Option #1: The Aging Method: The Smith Company Case
The following was taken from the records of Smith Company in the year ending December 31, 2014. Journalize the following transactions in an Excel spreadsheet for year-end 2014 using the aging method. Assume that the allowance for doubtful accounts has a beginning credit balance of $18,000 on January 1, 2014.
Label the events below as journal entries #1 to #4, along with the dates of the entries:
February 20, 2014: Wrote off Jones account: $7,250.
May 20, 2014: Received $4,050 as partial payment on the $8,000 account receivable due from Garcia.
August 10, 2014: Received $7,250 from Jones on the account written off on February 20, 2014.
September 15: Wrote off the individual account receivables for the following customers as payment not expected in future: Tang: $4,400; Mulaka: $2,210; Quan: $1,375.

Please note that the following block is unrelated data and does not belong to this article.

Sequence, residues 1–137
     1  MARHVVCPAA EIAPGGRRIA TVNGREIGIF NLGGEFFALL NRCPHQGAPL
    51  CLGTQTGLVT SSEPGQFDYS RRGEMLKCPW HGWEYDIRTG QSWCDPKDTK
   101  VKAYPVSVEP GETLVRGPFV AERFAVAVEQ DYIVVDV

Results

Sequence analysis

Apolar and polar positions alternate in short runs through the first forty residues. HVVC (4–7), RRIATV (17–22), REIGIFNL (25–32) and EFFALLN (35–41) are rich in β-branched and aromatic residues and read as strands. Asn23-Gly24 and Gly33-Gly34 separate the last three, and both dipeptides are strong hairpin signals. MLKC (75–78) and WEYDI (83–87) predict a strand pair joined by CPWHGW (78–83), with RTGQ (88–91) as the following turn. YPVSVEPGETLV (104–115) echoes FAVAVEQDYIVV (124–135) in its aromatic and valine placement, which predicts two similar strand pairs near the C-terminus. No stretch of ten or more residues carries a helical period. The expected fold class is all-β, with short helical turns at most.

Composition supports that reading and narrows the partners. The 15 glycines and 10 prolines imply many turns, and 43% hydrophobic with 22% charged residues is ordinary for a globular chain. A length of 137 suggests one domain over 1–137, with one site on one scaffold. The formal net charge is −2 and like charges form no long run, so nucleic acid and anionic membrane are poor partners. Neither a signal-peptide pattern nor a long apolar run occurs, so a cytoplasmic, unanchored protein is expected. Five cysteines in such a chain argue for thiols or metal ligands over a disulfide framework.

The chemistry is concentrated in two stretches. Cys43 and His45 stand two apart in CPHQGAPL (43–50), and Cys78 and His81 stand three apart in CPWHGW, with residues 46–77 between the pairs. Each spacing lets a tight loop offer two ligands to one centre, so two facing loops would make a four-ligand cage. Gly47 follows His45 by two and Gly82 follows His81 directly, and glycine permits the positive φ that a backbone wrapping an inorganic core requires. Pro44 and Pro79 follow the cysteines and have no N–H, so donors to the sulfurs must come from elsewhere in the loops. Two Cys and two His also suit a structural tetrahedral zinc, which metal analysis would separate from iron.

December 31, 2014: Smith Company prepared the following aging schedule for it accounts receivables:
$160,000 of Accounts Receivable (A/R) are 0-30 days late: 3% probability of not being paid.
$40,000 of A/R are 31-60 days late: 10% probability of not being paid.
$18,000 of A/R are 61-90 days late: 20% probability of not being paid.
$1,500 of A/R are later than 90 days late: 50% probability of not being paid.
Submit the following items in an Excel spreadsheet, labeling each as 1, 2, 3, and 4:
The four journal entries (1 to 4 above) with a one-sentence description for each
The allowance for doubtful accounts T-account
The journal entry to record bad debt expense
The balance sheet presentation of net realizable value, including gross accounts receivables of $219,500
This solution i...
No related question exists